This was not much of an issue, as I don't actually use or need instancing in any of my shaders, that was just a left over from some tests I had made earlier. I commented out all UnitySetupInstanceID() calls from my shaders, and got them to compile.

I then tested building the executable for Android, but that complained about missing passwords. It took me a little while to remember that I had tested uploading my game to the Oculus Store Alpha Channel some time before, and had to add a new key store with passwords for that. It looked like Unity does not remember these passwords, so I need to give them again whenever I build a new binary for my phone. Not a big deal.

The final issue, again a result for that Oculus upload, was that I needed to replace INFO with LAUNCHER in the AndroidManifest.xml to get a standalone executable to work. I need to remember to switch this back to INFO when uploading a new version to the Oculus store.

Purchased InControl

As I want to support various gamepads with LineWars VR, I had been thinking about how best to handle this. I had read from the "Endspace" developer blog that they use InControl for this. I thought it should probably work well with my needs as well, and decided to purchase it. It was only $35 in the Unity Asset Store, even though the main page says it costs $40, so I thought that was a good deal. I had some issues making it work properly with my Snakebyte VR:CONTROLLER, but after testing my controller with Endspace, I noticed it behave exactly the same. Looks like the problem is in the controller itself, it just does not seem to always recenter the analog sticks properly when you release them.

Anyways, I added quick code to read the InControl controller positions, and it seemed to work fine. It still needs a lot of fine-tuning and such, and I also need to handle multiple scenes better, add configuration page, and so on. It does look like I can let InControl worry about the different gamepads and just focus on the game myself, which was exactly the reason why I purchased it.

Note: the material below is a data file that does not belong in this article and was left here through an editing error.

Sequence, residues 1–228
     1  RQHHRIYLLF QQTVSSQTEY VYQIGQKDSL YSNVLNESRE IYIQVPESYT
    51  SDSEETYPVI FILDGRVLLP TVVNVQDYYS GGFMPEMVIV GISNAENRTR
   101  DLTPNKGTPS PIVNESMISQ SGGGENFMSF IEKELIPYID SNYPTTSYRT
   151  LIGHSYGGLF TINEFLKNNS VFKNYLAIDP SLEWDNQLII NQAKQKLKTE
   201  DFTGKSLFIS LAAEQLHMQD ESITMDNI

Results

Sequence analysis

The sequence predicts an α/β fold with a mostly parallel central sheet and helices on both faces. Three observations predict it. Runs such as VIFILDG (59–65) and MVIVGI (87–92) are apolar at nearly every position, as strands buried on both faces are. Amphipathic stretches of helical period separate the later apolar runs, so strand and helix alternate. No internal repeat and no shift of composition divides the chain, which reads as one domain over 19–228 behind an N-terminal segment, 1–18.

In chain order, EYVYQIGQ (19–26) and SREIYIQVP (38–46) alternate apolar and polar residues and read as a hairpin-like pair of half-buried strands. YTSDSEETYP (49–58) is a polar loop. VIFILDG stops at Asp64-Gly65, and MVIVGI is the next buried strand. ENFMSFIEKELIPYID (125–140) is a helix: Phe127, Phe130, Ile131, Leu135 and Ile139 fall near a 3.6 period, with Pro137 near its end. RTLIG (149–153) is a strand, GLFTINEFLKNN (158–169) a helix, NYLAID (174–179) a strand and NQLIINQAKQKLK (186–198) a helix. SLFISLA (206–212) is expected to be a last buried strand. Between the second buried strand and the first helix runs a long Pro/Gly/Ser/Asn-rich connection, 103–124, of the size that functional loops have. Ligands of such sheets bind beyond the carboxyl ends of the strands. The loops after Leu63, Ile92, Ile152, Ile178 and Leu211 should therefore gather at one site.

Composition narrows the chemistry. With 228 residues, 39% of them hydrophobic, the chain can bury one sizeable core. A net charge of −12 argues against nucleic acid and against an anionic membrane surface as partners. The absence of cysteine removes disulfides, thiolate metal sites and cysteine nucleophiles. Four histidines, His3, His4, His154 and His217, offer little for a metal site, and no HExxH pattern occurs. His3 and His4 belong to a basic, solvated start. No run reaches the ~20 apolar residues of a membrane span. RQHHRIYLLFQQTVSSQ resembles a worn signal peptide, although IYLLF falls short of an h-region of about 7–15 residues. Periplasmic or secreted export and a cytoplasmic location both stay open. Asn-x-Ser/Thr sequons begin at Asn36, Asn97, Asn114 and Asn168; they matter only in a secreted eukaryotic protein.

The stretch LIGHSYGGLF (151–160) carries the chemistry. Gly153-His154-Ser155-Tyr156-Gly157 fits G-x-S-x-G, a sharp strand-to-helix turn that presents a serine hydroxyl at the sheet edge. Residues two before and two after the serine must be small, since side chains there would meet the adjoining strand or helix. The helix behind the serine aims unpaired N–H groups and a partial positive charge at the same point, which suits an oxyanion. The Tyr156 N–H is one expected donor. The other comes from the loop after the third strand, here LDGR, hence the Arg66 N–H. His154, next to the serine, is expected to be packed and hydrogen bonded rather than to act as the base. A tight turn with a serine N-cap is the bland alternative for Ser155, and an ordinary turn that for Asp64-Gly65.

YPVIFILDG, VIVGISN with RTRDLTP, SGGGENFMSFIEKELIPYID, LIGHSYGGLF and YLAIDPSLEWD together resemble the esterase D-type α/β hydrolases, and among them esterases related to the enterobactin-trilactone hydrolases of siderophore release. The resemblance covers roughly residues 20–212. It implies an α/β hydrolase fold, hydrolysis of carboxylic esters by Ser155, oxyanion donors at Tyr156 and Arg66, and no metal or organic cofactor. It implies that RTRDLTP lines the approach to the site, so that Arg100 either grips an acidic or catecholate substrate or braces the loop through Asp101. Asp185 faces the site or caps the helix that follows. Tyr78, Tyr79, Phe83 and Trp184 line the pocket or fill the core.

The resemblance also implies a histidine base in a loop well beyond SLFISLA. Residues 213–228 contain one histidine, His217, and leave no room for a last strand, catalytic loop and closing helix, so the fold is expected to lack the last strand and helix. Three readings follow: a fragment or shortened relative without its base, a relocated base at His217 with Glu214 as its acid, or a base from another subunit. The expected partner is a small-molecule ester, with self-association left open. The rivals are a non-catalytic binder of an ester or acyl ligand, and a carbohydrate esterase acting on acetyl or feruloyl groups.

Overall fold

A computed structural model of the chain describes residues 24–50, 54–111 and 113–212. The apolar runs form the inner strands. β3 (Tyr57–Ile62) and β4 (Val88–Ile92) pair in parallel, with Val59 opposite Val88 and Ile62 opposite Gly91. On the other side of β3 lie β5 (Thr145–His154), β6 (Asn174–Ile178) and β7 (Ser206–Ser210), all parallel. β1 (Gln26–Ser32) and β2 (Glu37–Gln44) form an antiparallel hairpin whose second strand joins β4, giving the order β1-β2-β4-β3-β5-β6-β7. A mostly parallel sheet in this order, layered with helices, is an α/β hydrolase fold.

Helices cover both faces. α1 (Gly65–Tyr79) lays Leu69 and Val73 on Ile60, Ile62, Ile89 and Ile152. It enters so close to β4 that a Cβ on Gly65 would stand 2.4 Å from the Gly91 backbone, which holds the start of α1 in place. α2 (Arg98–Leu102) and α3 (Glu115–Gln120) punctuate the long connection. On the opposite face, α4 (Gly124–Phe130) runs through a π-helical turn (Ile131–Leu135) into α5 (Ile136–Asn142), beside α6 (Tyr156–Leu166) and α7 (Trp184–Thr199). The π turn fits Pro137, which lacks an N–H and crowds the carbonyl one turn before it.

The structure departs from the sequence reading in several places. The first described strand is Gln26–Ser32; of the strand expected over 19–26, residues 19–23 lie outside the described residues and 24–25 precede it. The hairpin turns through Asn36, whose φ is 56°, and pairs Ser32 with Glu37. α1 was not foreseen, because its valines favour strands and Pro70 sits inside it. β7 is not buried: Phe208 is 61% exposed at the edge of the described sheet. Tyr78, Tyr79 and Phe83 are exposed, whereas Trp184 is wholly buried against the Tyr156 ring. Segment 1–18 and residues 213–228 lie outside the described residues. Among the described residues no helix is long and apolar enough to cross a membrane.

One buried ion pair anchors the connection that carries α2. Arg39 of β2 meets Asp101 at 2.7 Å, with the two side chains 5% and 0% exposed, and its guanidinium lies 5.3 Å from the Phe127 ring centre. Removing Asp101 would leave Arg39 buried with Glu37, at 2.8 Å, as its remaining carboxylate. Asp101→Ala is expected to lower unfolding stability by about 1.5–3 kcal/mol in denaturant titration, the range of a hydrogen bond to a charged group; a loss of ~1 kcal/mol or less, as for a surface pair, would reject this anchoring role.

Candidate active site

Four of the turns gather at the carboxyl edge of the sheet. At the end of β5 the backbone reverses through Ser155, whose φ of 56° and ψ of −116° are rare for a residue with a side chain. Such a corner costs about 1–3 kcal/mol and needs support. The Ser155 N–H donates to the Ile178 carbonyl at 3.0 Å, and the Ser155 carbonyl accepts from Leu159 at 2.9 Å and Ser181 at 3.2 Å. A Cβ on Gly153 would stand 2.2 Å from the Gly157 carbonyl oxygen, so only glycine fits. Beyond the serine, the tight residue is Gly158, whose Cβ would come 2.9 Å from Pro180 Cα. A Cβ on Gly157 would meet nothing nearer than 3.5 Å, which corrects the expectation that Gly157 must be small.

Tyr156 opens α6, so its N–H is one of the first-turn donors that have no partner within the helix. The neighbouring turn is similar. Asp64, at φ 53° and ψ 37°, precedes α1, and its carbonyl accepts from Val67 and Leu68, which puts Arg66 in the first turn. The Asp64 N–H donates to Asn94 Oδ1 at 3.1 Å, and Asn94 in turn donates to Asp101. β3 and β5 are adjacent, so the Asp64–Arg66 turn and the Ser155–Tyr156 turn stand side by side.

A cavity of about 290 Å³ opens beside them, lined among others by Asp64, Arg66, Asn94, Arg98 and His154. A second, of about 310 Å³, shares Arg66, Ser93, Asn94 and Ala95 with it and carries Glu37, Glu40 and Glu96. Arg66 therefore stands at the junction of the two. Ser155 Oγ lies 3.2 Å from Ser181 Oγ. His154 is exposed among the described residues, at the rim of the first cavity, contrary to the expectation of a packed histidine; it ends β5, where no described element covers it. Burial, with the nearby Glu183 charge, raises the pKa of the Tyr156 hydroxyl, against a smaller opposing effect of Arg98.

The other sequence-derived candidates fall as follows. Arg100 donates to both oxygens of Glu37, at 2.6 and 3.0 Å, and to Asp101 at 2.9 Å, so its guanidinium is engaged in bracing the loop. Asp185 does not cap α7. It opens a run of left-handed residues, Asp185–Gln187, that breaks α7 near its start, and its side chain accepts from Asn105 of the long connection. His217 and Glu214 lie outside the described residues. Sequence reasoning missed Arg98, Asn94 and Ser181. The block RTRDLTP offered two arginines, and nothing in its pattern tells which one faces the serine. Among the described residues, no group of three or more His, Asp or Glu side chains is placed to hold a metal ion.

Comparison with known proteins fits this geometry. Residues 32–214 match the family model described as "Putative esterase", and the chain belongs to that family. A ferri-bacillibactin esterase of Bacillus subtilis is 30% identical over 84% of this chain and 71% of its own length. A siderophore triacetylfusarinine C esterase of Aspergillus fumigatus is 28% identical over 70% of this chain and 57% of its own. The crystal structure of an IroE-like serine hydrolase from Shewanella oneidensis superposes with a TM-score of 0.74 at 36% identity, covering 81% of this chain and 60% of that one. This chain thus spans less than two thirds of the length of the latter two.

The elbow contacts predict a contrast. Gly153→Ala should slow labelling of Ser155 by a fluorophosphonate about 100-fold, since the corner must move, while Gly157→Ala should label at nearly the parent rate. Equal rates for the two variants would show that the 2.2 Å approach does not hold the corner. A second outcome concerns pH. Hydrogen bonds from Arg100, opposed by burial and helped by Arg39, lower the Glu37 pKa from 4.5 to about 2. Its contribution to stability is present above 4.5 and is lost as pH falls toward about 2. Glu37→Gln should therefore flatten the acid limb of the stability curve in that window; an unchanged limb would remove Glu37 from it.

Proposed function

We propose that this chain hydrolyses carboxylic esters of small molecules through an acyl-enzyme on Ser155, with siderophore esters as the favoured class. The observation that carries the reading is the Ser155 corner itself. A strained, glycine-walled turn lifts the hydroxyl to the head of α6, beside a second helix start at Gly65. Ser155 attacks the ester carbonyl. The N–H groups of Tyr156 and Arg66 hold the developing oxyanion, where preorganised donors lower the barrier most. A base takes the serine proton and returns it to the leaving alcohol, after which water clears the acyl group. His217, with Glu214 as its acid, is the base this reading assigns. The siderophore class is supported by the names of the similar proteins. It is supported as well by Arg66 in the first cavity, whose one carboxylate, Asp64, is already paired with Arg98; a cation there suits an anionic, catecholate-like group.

Collision Detection

Okay, now let's get into the main feature of this blog post, my collision detection algorithms. As I have mentioned before, I don't want to use the Unity's built-in physics module with its Collider objects, as these are black boxes and I believe I can program a more performant system for the specific needs of my game. In the original LineWars II I had simple bounding spheres that I used for collision detection, but in LineWars VR I wanted to have more accurate collision. I wanted to use mesh-based collisions, but still keep the performance high. This sounded like a pretty difficult problem, and thus I had assumed it would take mew a few weeks to get this done.

The first step of any collision detection is of course trying to preprocess the situation using some fast code to detect if a collision is at all possible. Since all my objects already have bounding spheres, which correspond to the distance of the furthest vertex from the object center, the first step was to detect if the bounding spheres intersect. This is the simplest collision detection there is. You just need to calculate the distance of the sphere origins, and subtract the sum of the sphere radii from that. This is faster to calculate using the squares of both of those, so you can avoid the square root. This way I can quickly determine which objects cannot collide during this frame.

I added a new collision detection routine call into my MoveShips() routine, which handles the movement of all the ships. I use a single routine to handle all the ship movements instead of having each game object having an Update() routine separately. This is closer to how my old LineWars II was built, and I wanted to use a similar system. Thus, I can also have a single CollisionDetect() routine that handles all the collisions. Into this new CollisionDetect routine I then added two for-loops, so that each ship is tested against all the lower-indexed ships within my ShipData array. If a ship has died, it's ShipType enumeration value gets changed to NotExists, so I am using that to determine which ships are still alive. So, the main structure of my collision detection routine became this: